The deputy national coordinator said a more intangible, but nonetheless important, benefit of the program is strengthening the relationship between the communities and schools. Especially in the poorer regions, which are largely those where the program operates, he said, the feeding program can initiate a positive cycle in which parents can afford to send their child to school because they do not have to provide food during the day themselves; they can also become inclined, if they were not before, to send their children, particularly the girls to school in order to take advantage of the mean program; and they can begin to see educators as helpful to the general community rather than apart from it.
In addition, Kyeremeh said, because children who are well- nourished learn more easily and perform better academically than those who are hungry or malnourished, the program sets up a cycle of success – well-fed and well-nourished children are happier at school and perform better there, which demonstrate to parents that their children can indeed have a successful school careers, thus fostering a better academic climate overall.
By relieving parents of the burden of feeding their children for at least one meal, he said, the GSFP acts as a social safety net that cushions people, in some degree, from the shocks of poverty.
Praise of Ghana’s program
The World Food Program (WFP) has high praise for Ghana’s school feeding program, and the international agency said GSFP success is “in large part due to the political commitment and support shown at levels of government starting from the very top”. WFP was particularly impressed – as written in its report “The State of School Feeding Worldwide 2013” – with the government’s willingness and efforts to continually review data on how the program was working, revising its policies to serve the nation’s poorest children and ensuring they have access to nutritious meals.
The GSFP involves not only a great commitment of effort and resources by the Ghanaian government but also corporation with a host of international partners, including: UNICEF and the Partnership for Child Development (PCD), the Netherlands Development Organization (SNV), the World Food Program (WFP), the Food and Agriculture Organization (FAO), the World Initiative for Soy in Human Health; the Alliance for Green Revolution for Africa (AGRA) and the Ecumenical Association for Sustainable Agriculture and Rural Development (ECASARD).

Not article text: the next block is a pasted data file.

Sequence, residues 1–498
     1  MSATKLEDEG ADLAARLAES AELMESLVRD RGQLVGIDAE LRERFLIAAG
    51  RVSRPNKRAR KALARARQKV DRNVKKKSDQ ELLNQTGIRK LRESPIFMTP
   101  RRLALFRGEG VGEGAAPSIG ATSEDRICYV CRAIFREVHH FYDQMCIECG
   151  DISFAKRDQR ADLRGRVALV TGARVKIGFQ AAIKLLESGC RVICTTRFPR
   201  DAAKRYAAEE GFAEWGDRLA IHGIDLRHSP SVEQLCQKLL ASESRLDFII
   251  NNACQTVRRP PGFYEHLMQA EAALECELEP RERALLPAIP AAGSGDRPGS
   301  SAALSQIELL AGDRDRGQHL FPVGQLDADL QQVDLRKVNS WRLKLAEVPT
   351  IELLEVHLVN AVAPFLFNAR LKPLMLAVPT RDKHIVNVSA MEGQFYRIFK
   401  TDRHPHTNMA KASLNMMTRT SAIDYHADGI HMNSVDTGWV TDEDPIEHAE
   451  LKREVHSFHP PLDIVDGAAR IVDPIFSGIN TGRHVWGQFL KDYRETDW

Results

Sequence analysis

All of these relationships have been greatly strengthened through Ghana’s corporation, commitment and professionalism in developing GSFP and making the best possible use of the resources provided by local and international actors.
Internally, the program’s success relies on the coorperation and coordination of the ministries of Local Government and Rural Development, Education, Food and Agriculture, Health Finance and Economic Planning, and Gender, Children and Social Protection.
It would seem that by all measures, the Ghana School Feeding Program has been a success in every way. Its direct value and positive impact on over a million and a half children and their families can be misunderstood by no one. The relationships that it engenders between local workers and vendors, and most important, Ghana’s farmers, is nothing less than a road map to a future of sustainability and food self-reliance.
It results in school enrollments going up, better students’ attention and academic results, tighter connections between the communities and the schools, and a positive feeling about school and how important education is to everyone. This is more than a win-win situation, it is something that must be supported and, if possible, grown further to reap even larger benefits for all of Ghana.
‘Emphasis is placed on empowering the youth with relevant skills’
The Ghanaian government is rebranding technical education and refocusing polytechnic education to make them more attractive to the youth. As part of the process, the government has pledged to upgrade polytechnics into degree-awarding technical universities to ensure better placement of graduates in the job market as well as meeting the country’s development and economic-restructuring agenda.